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Bringing up the Body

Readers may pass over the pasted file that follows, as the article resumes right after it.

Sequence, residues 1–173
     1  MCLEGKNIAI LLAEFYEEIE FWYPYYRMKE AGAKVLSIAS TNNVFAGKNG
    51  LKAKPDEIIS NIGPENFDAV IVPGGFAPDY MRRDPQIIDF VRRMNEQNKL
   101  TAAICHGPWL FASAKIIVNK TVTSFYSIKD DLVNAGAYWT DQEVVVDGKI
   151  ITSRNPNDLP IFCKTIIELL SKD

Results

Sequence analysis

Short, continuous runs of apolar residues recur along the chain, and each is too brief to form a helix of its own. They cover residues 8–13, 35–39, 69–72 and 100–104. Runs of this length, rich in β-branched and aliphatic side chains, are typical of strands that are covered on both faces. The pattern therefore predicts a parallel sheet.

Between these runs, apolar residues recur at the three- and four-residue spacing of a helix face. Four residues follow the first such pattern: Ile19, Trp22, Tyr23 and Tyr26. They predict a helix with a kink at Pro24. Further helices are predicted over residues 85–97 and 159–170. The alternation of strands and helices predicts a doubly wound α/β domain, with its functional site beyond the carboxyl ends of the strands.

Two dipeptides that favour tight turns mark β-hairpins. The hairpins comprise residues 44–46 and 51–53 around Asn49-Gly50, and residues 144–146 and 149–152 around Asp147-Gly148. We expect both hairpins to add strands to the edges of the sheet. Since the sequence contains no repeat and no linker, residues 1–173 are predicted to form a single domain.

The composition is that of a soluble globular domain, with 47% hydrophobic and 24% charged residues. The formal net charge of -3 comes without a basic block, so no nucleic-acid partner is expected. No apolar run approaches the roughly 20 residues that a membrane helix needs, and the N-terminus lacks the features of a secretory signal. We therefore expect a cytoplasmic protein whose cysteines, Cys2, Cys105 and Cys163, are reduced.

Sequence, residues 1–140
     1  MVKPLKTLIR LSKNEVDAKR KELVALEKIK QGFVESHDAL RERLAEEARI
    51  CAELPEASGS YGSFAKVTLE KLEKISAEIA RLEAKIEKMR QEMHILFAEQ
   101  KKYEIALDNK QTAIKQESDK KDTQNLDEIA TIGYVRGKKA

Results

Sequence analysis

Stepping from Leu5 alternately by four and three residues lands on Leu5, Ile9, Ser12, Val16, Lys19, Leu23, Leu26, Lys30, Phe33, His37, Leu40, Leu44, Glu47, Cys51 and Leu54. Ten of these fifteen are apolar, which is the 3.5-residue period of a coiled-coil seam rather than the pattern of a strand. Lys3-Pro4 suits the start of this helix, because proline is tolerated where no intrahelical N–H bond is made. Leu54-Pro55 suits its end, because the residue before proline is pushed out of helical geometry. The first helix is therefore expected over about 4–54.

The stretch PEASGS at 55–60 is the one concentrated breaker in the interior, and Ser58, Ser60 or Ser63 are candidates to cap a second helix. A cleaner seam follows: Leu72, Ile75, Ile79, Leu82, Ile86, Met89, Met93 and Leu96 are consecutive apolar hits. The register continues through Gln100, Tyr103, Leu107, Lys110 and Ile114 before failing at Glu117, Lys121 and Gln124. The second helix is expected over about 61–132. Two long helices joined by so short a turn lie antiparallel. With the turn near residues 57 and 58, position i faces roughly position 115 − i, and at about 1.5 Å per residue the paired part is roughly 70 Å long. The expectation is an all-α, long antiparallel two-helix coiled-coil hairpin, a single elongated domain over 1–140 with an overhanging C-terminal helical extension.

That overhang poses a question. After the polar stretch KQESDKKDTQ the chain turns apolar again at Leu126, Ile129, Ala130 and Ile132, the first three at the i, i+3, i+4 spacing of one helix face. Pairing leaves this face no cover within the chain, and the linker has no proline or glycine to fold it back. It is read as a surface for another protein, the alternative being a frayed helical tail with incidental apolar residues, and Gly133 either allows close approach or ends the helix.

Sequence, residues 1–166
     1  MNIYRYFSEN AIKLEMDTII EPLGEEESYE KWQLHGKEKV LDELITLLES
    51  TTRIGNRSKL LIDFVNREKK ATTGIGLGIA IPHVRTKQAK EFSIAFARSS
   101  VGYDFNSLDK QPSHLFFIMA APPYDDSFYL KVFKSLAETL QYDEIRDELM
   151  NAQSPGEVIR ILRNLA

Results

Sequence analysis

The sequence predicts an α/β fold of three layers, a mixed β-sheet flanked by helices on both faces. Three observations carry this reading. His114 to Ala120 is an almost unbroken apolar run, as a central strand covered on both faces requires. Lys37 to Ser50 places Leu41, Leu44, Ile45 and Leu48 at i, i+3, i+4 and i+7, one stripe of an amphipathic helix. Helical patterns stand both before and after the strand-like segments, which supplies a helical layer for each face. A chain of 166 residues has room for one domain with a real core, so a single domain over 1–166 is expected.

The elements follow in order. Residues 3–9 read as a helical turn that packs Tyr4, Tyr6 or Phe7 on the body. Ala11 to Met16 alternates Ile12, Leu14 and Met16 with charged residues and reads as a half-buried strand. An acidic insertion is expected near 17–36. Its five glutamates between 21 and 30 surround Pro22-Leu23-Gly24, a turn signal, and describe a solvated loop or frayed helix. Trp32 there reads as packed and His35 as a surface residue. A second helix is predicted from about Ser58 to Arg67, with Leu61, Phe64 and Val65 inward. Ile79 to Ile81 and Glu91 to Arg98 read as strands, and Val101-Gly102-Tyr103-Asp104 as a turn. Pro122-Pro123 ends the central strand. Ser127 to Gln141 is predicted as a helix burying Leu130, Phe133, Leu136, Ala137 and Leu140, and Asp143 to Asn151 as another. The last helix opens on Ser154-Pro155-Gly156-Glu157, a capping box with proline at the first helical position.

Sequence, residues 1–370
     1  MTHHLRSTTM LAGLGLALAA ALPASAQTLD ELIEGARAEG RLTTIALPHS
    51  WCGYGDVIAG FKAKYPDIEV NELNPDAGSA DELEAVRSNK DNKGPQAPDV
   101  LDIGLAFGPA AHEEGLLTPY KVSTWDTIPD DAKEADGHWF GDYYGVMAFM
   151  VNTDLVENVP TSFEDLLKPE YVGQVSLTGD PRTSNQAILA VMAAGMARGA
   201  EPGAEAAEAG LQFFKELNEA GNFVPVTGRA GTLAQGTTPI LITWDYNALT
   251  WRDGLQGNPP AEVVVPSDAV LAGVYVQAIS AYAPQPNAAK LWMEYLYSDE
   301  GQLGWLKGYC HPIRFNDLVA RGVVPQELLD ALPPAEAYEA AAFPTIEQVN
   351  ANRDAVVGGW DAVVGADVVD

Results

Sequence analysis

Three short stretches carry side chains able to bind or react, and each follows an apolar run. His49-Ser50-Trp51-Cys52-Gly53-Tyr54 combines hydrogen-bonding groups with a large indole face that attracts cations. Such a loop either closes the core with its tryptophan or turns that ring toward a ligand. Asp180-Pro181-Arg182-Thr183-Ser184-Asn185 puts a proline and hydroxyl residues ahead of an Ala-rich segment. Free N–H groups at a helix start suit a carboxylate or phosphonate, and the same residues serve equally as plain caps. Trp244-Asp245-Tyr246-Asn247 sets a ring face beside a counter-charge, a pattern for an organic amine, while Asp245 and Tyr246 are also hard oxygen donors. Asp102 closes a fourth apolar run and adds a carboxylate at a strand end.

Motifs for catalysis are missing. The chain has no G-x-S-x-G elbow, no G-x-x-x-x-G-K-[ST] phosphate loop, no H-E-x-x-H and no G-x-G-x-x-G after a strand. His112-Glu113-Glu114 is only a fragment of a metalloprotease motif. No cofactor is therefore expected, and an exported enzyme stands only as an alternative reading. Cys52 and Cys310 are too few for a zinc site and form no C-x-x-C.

When reading what there are in the way of recent treatments of Frank O’Connor’s work, a notable commonplace mentioned in the opening salvos is the absence of scholarly attention that has been paid to his work, particularly in his own country (Barnes vii, Brown 41, Delaney 143, Lennon 15-16). Several reasons are offered for what Barnes describes as the “respectful forgettingness” that has fallen over O’Connor’s corpus (vii). Among them are the growing academic interest in the decades after his death in the literary modernism produced by many of his contemporaries, which left his own naturalist/realist tales seeming outmoded or even quaint; much of his subject matter, the disappointing state of the post-revolutionary State, coming to be seen as irrelevant to the Irish society that was emerging under the modernising governments from the 1960s onwards; the relatively scant attention paid to his favoured form, the short story; his harsh criticism of Ireland; his self-imposed exiles in Britain and America. Certainly O’Connor was a cultural producer of the Ireland of his time. By that, I mean both that as a writer/broadcaster he was very much a product of the socio-historical events that shaped post-independence and post-revolution Ireland, and that he was a writer who as much as anybody wrote the Ireland of that period. Indeed, Declan Kiberd notes the “casual ease with which” O’Connor “substitutes [himself] as a shorthand for his country” in his autobiography (Qtd. Brown 44). That the body of work of a writer with so close an affinity to such a crucial moment in the development of Irish society merits critical re-animation and re-examination seems obvious enough. My task here, of course, is to question and propose suggestions as to how such an enterprise might be best abetted by engagement with digital technologies. Digital literary projects largely fall into two strands – machine reading and archiving. Machine reading is applied on the whole to vast corpora beyond a single (or even a significant number of) person(s)’s potential lifetime of reading – certainly larger than the oeuvre of even so prolific a producer as O’Connor. And though there are examples of interesting small corpora projects (eg Inaki and Akita’s Alice in Wonderland Project), I see the potential democratisation of knowledge afforded by a digital archival project as being the most apposite to my proposed exhuming of O’Connor’s corpus. Beyond his storied short-stories, which number some two hundred, O’Connor wrote plays novels; literary criticism; vast numbers of articles (including the long-running pseudonymous Ben Mayo newspaper column) on literary subjects, politics, religion, the slums of Cork and travel; thousands of letters and numerous broadcasts. The challenge, of course, is to contrive a tool that can serve the purpose of ‘bringing up’ O’Connor’s body of work. There are number of issues with digitising O’Connor’s work – for example, it remains under copyright. However, permissions can be sought for some and others can be represented tagged abstracts so that the archive can be searched and manipulated variously. It is by addressing the questions that surround these methodologies meaningfully that will allow O’Connor’s work to move from ‘respectful forgetingness’ to a more desirable position of precocious engagement.